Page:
Green MP Dr Caroline Lucas, will present a bill in Parliament later today which aims to make Personal, Social and Health Education (PSHE) a statutory requirement in schools. Dr Lucas, who will introduce the Ten Minute Rule Bill to Parliament after Prime Minister’s Questions, is urging the Education Secretary Nicky Morgan to back calls for statutory PSHE lessons. The Secretary of State recently delayed the Government’s response to the Education Select Committee, who in February this year, backed the call for compulsory PSHE and Sex Education.
Caroline Lucas said: "Lessons which help keep young people safe, healthy and happy and aid employability shouldn’t be subject to a postcode lottery. PSHE is a crucial part of a child’s education. Shining examples of good PSHE provision exist - like Patcham High in my Brighton constituency – showing the wide range of benefits associated with giving every child this learning opportunity. As well as being an essential part of safeguarding our children, PSHE has huge potential in relation to employability and academic attainment. PSHE teaches young people the skills they need to make good choices and to think things through. It’s not rocket science that these skills have benefits well beyond the classroom."
"The last statutory SRE Guidance was produced 15 years ago. We’ve had a thorough cross party inquiry recommending statutory status and Minister’s say PSHE is needed and important. So it’s time for Government action." Dr Lucas added.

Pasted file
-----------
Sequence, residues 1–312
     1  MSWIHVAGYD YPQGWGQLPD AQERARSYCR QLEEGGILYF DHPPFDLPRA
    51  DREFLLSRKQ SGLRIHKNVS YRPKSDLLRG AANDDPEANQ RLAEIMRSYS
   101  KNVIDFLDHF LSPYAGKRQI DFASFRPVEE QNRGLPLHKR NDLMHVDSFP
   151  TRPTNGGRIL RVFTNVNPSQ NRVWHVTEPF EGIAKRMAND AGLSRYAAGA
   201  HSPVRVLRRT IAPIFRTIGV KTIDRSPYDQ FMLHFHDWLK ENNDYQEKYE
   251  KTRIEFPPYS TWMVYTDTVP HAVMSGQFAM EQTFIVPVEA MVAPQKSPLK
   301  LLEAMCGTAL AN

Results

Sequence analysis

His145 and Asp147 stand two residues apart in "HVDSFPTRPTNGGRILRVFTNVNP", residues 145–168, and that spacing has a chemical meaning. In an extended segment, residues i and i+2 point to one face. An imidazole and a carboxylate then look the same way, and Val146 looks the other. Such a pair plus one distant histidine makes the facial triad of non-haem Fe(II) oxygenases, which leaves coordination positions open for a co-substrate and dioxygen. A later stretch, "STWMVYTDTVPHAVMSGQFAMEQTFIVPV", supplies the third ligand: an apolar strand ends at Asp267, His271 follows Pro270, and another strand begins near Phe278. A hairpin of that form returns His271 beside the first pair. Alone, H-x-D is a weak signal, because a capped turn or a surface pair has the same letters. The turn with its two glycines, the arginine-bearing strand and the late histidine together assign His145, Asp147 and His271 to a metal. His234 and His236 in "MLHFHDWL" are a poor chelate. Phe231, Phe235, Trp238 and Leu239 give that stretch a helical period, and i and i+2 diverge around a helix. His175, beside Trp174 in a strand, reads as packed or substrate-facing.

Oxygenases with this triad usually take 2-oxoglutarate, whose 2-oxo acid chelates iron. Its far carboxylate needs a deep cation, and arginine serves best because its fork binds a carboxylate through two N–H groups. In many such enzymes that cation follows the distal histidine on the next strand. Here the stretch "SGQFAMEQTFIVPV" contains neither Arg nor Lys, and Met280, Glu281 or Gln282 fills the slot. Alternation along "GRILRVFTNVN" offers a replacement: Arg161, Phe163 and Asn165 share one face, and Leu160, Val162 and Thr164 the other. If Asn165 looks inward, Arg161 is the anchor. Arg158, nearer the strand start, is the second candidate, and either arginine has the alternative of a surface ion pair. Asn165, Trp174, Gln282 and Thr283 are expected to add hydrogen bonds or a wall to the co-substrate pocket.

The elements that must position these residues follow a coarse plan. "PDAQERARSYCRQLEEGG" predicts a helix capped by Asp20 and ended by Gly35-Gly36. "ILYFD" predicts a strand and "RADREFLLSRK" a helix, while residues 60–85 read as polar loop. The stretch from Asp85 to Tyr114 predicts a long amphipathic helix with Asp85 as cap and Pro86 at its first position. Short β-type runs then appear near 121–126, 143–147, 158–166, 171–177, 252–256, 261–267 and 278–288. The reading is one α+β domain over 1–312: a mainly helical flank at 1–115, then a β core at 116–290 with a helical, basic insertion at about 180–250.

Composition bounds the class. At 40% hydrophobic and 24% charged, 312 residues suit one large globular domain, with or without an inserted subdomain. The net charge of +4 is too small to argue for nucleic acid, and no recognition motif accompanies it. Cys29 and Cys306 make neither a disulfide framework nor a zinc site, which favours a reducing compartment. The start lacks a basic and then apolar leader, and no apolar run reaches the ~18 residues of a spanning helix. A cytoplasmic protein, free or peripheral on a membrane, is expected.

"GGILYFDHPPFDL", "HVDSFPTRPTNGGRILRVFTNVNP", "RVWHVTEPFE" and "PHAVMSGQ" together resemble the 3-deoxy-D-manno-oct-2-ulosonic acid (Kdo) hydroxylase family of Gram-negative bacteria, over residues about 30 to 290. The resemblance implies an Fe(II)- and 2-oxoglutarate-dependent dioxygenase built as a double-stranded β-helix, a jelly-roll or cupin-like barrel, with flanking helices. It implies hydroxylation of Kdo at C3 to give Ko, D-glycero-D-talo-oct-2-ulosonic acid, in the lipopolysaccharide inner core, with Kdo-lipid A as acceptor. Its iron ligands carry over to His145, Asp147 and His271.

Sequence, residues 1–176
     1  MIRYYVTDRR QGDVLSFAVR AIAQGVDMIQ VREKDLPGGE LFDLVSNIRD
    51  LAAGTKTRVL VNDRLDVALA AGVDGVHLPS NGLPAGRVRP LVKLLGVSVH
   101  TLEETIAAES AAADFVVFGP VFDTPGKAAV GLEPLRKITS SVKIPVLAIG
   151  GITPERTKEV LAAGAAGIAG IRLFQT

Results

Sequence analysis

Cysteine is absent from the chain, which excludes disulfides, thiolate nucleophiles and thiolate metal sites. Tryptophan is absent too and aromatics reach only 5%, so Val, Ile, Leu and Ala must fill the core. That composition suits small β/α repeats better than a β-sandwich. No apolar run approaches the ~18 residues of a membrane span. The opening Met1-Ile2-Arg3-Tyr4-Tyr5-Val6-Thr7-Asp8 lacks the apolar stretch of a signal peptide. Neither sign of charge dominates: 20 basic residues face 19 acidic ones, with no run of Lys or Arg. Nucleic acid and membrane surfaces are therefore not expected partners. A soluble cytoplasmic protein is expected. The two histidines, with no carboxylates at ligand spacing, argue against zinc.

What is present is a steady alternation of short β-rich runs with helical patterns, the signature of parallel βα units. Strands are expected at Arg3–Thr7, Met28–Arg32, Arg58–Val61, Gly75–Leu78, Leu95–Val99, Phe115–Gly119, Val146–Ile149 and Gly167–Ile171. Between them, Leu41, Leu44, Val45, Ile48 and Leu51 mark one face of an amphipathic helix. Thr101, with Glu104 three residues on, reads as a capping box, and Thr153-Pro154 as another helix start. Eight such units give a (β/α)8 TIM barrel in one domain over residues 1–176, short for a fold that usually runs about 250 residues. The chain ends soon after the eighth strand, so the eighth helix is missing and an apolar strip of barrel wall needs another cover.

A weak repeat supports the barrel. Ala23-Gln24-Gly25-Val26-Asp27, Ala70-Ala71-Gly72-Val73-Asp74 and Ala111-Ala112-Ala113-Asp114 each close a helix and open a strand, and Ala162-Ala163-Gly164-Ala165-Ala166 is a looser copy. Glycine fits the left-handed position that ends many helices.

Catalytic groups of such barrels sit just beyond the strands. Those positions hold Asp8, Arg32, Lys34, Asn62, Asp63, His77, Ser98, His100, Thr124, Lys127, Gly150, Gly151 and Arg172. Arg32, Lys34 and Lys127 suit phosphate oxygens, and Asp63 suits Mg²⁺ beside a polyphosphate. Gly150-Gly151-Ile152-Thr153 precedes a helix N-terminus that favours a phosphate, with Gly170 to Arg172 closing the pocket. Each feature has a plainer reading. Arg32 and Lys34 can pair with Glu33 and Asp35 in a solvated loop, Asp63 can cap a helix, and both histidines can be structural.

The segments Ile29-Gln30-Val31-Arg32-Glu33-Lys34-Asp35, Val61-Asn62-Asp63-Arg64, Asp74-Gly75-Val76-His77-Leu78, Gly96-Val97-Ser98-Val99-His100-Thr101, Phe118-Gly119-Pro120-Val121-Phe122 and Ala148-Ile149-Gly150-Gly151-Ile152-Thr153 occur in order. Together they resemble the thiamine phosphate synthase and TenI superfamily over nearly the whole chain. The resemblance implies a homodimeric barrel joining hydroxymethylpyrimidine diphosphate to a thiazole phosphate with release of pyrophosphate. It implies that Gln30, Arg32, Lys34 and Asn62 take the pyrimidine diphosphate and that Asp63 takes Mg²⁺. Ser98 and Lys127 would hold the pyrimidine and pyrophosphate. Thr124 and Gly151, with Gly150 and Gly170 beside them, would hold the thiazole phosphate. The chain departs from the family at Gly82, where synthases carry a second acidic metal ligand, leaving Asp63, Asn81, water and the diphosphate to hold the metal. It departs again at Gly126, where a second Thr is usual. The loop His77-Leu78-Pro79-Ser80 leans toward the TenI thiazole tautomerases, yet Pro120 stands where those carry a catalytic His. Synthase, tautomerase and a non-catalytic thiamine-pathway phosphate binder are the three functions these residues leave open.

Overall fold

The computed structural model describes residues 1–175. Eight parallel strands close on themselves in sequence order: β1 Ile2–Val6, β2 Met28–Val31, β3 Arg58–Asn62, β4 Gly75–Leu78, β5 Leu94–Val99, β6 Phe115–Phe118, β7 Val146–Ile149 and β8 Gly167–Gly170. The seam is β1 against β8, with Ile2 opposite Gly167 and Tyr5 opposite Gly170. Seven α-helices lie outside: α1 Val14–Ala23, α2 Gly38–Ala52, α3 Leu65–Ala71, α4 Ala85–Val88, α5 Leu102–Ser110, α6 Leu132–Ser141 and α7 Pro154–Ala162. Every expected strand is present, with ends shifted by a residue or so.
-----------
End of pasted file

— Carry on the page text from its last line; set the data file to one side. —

Over 100 leading organisations have joined the PSHE Association campaign for statutory PSHE education. From Mumsnet to Stonewall; from Girlguiding to the Association of Police and Crime Commissioners. Union backing comes from heads, teachers, students and nurses, including the National Association of Head Teachers, the ATL, the NUT, the NUS and the RCN. Also the cross party Education Select Committee backed Statutory PSHE last year.
Caroline Lucas is hoping for support from across the House of Commons. She is particularly keen to dispel the myths that surround PSHE. She said: "I know that some people fear that PSHE can expose children to sexualisation but the exact opposite is true. A PSHE lesson for younger children wouldn’t be exposing them to anything graphic or upsetting. It would work to improve children's grasp of what it means to give and receive consent generally. The idea is that this gives them the solid building blocks they need as they encounter more complicated situations as they get older. Good quality PSHE, which is what this is all about would always be age appropriate and that’s why teachers need the training statutory status would give."